Christians and other non-Muslims are welcome to practice their religion freely in this Muslim nation and two of the three churches are even built on land generously donated by the late President of the United Arab Emirates, HH Sheikh Zayed bin Sultan Al Nahyan.
According to the feature article, English is the main language of all the three denominations in the city and the Anglican parish also offers services in Hindi, Urdu, Tagalog, Korean and Arabic. The Evangelical Community worships in three additional languages, namely Filipino, Afrikaans, and Mandarin and the Catholic parish is the most multilingual of them all, with services in Tagalog, Malayalam, Urdu, Arabic, Konkani, Tamil, French, Singhalese and Malankara.
All this is of course a wonderful testimony to the incredible diversity of the city of Abu Dhabi and one of the reasons I love living here (I’ll write about how frustrating and infuriating multilingualism and lingua franca use can be when you try to get something done, some other time
It also reminded me of my childhood fascination with Heinrich Schliemann, the excavator of Troy. Schliemann had to leave school at age 14 because his parents could not afford to continue his education and so he was pretty much a self-educated man. What I admire most about him is the way in which he successfully taught himself a number of languages. No private language schools, best-teaching-method-ever, most-innovative-curriculum-ever or learn-a-language-in-your-sleep for him (if you stay tuned to Language on the Move you are bound to hear more about what we think of the contemporary English language teaching industry …).
So, how did Schliemann learn to speak English, French, Dutch, Spanish, Portuguese, Swedish, Italian, Greek, Latin, Russian, Arabic, and Turkish (I take this list from the Wikipedia entry about him) in addition to his native German? He attended church services in all these languages while stranded in Amsterdam! It seems that the foundations for his life-long love of languages and his knack for learning them was laid when the Venezuela-bound ship on which he worked stranded in the Netherlands and he worked as an office boy in Amsterdam for two years before moving to St Petersburg. Amsterdam being the international port city it was back then – and still is today, I suppose – church services were being offered in many languages for seafarers from many nations, and Schliemann made good use of them by sitting in on as many as he could.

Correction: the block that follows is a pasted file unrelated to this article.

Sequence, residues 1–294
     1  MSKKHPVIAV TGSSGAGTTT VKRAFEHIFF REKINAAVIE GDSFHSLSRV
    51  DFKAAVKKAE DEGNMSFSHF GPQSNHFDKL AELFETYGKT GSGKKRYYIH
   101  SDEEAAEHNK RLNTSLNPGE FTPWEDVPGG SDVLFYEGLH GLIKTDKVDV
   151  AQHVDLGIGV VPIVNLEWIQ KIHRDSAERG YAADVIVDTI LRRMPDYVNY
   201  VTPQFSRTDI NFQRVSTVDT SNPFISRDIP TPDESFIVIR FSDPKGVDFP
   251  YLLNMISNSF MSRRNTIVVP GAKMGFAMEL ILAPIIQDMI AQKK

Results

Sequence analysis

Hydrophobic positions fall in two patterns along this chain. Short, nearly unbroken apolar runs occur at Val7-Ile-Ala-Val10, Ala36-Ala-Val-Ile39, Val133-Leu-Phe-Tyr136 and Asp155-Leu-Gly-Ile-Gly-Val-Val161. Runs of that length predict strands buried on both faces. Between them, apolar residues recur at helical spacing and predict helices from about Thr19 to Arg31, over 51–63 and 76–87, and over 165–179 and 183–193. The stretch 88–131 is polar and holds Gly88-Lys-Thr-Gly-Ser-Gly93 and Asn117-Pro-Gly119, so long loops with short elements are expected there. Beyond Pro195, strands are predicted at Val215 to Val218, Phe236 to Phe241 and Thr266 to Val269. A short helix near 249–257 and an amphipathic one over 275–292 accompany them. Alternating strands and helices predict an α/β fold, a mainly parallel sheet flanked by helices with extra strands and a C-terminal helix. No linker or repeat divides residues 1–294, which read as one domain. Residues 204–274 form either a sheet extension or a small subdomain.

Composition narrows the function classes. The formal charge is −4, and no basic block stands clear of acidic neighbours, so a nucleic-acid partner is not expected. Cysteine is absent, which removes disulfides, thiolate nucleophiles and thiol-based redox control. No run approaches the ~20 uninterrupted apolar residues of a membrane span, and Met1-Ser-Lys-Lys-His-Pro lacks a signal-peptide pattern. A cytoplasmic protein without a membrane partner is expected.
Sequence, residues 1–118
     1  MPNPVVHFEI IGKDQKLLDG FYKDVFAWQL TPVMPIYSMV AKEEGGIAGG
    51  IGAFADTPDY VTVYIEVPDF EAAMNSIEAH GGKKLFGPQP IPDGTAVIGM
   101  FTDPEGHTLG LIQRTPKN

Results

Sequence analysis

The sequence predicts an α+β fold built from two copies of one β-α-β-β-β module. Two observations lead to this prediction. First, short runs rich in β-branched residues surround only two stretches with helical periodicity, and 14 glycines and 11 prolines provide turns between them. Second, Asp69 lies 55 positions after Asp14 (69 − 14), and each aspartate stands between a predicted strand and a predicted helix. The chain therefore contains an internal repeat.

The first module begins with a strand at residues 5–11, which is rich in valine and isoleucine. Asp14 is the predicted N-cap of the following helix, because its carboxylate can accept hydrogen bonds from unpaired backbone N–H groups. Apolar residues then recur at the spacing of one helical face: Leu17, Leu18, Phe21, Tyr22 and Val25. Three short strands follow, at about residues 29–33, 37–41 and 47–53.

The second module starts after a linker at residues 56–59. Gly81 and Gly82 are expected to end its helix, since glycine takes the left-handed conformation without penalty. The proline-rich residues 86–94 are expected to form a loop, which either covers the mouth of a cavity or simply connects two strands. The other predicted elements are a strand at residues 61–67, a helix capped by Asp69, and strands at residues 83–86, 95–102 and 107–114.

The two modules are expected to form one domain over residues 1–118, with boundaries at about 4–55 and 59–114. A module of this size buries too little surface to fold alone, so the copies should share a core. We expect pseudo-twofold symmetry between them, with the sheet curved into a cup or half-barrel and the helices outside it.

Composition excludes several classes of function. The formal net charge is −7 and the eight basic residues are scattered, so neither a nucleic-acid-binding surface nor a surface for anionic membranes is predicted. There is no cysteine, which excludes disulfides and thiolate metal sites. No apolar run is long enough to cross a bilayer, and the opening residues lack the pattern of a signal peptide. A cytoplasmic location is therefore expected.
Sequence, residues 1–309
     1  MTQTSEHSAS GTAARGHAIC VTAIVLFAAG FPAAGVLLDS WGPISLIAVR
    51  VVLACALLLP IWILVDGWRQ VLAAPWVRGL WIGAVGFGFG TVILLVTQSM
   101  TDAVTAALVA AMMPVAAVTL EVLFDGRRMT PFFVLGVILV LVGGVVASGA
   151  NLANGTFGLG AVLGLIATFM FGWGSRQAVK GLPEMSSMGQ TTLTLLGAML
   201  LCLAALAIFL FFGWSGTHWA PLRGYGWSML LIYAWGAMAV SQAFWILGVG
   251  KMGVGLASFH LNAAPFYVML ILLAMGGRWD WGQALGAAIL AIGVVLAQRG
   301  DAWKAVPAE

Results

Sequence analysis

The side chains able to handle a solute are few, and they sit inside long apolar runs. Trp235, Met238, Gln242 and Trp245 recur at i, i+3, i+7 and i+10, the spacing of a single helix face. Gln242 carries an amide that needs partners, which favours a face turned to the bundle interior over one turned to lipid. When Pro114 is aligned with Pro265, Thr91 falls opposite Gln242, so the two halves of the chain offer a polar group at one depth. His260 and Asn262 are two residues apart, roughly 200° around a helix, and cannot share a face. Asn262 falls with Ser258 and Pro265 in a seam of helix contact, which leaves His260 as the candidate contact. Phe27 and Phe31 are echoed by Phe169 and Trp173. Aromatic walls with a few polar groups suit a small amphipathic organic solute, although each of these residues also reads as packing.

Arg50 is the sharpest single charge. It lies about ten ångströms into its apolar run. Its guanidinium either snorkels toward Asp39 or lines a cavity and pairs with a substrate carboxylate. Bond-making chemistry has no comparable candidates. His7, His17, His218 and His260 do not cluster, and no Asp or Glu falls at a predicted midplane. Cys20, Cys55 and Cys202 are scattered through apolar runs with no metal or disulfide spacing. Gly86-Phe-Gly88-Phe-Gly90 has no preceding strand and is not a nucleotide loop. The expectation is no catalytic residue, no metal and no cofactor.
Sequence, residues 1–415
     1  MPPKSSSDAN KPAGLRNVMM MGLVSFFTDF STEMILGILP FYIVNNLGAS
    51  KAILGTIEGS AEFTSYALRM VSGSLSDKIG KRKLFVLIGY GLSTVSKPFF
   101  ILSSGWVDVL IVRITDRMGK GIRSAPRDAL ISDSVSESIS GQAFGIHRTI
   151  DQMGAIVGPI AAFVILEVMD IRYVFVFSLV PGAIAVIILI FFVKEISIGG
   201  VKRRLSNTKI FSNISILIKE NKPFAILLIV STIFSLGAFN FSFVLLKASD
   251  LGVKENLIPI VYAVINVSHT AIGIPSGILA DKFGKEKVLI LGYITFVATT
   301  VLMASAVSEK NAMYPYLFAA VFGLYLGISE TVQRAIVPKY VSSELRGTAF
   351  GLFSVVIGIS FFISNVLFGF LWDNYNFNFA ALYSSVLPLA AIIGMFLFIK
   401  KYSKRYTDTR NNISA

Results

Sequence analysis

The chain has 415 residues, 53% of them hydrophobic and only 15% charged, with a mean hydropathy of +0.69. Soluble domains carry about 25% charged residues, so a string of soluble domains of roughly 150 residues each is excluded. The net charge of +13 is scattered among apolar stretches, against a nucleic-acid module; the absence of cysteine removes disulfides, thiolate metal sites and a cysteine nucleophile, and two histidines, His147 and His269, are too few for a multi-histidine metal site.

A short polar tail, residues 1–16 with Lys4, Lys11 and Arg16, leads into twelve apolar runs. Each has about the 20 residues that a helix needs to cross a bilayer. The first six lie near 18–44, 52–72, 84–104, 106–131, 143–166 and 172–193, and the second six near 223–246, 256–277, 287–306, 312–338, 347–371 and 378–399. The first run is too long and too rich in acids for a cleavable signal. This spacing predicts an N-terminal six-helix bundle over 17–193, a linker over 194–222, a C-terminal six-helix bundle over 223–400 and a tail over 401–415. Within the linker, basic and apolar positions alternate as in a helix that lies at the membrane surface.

As a language learning method it makes a lot of sense:
- You start with a “text” you already know so you won’t get frustrated by “not understanding a word the teacher is saying”
- You get to listen to real language from the very beginning and don’t have to scratch your head wondering whether you’ll ever have occasion to use “The cat is on the mat”
- And you can sit there quietly, and don’t need to be in a constant sweat for fear of having to speak in the new language before you are ready to.
All this is based on the assumption that “you are preaching to the converted” and all that is new for the language learner is the language. It’s a very different story if you are trying to learn a new language through a new faith simultaneously as our colleague Huamei Han has so insightfully described in her PhD work about the interplay between English language learning, conversion to Evangelical Christianity and immigrant settlement in Canada. You can list to a recording of Huamei presenting a paper on “Accumulating Linguistic and Socio-Economic Capital on the Margin at and through Church” on the Language-on-the-Move portal.